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ARS Home » Plains Area » Lubbock, Texas » Cropping Systems Research Laboratory » Wind Erosion and Water Conservation Research » Research » Publications at this Location » Publication #398548

Research Project: Developing Strategies for Resilient and Sustainable Crop, Water, and Soil Management in Semi-Arid Environments

Location: Wind Erosion and Water Conservation Research

Title: Stable carbon isotope discrimination (d 13C ) of cotton burrs and seeds as a season-long integrator of crop water stress.

Author
item Gitz, Dennis
item Baker, Jeffrey
item Lascano, Robert

Submitted to: American Journal of Plant Sciences
Publication Type: Peer Reviewed Journal
Publication Acceptance Date: 10/3/2022
Publication Date: N/A
Citation: N/A

Interpretive Summary: In the Texas High Plains (THP), irrigation water drawn from the Ogallala aquifer continues to be depleted. New irrigation scheduling methods and new water efficient plants need to be developed to maintain regional agricultural productivity. Scientists from the Wind Erosion and Water Conservation unit at the Cropping Systems Research Laboratory in Lubbock, Texas, investigated how to more accurately, more easily, and more inexpensively assess crop water stress resulting from various irrigation scheduling methods, and potentially how to more accurately identify water use efficient germplasm for cotton breeding programs using a simple chemical method. It was found that sampling at cotton-seed at harvest was a more accurate and less expensive way to determine these characteristics than the traditional method of repeatedly sampling leaf materials throughout the season.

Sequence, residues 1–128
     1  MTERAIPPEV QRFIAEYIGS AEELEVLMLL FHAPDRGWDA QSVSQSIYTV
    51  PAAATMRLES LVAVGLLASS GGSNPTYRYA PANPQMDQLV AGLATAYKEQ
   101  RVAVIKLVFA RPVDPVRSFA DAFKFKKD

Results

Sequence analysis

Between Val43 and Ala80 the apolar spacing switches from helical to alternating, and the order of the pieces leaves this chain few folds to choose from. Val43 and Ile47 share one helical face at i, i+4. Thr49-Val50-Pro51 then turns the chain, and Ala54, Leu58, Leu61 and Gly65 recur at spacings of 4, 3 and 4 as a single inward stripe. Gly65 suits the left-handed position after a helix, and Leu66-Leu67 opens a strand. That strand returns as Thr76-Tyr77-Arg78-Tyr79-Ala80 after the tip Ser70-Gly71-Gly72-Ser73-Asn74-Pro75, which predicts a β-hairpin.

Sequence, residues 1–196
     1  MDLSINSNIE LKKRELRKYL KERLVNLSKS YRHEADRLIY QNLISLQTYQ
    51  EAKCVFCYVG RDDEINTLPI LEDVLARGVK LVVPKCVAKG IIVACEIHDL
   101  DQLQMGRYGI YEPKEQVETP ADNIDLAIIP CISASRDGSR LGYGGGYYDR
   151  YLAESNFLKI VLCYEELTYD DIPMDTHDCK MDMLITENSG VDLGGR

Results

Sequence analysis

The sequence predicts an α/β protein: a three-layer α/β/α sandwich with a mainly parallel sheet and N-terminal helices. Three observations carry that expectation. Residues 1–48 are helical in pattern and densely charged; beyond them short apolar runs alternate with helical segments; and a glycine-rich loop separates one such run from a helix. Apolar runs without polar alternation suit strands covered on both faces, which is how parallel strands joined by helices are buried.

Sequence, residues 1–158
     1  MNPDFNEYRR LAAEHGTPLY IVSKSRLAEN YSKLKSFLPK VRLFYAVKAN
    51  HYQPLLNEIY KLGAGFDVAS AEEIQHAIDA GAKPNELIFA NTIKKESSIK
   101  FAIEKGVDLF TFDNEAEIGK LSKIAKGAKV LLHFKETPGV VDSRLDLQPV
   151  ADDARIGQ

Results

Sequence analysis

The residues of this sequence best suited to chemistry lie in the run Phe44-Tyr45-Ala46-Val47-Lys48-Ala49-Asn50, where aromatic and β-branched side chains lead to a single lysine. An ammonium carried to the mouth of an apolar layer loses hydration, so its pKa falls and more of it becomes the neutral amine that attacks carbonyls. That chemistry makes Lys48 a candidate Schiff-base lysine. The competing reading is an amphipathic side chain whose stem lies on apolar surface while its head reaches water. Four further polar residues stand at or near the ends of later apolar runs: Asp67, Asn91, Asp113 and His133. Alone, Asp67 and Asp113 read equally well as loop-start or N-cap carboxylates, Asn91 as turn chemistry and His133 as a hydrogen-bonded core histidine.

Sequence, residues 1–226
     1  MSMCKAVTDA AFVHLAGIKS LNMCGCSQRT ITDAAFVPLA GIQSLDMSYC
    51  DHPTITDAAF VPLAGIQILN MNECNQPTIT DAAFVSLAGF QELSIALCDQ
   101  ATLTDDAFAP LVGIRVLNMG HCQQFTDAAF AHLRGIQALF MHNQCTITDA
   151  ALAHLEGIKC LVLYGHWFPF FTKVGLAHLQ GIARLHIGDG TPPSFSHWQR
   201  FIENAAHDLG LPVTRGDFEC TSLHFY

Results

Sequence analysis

Technical Abstract: Plant based irrigation management schemes typically use surrogates such as canopy temperature, alone, or in conjunction with environmental variables, to infer the degree of “crop stress” (biological strain) induced by drought. Few systematic studies of the relationship between “crop stress”, as defined by such surrogates, and physiological estimates of water use efficiency (WUE) exist over both daily and seasonal time scales relevant to agronomic irrigation control. The systematic application of stable carbon isotope discrimination (d13C) might allow post hoc evaluation of irrigation scheduling schemes and might also be a useful germplasm screening tool if the source(s) of variability can be uncovered and/or controlled. Herein, we report results from preliminary efforts to compare leaf and cotton seed d13C to season-long water deficits.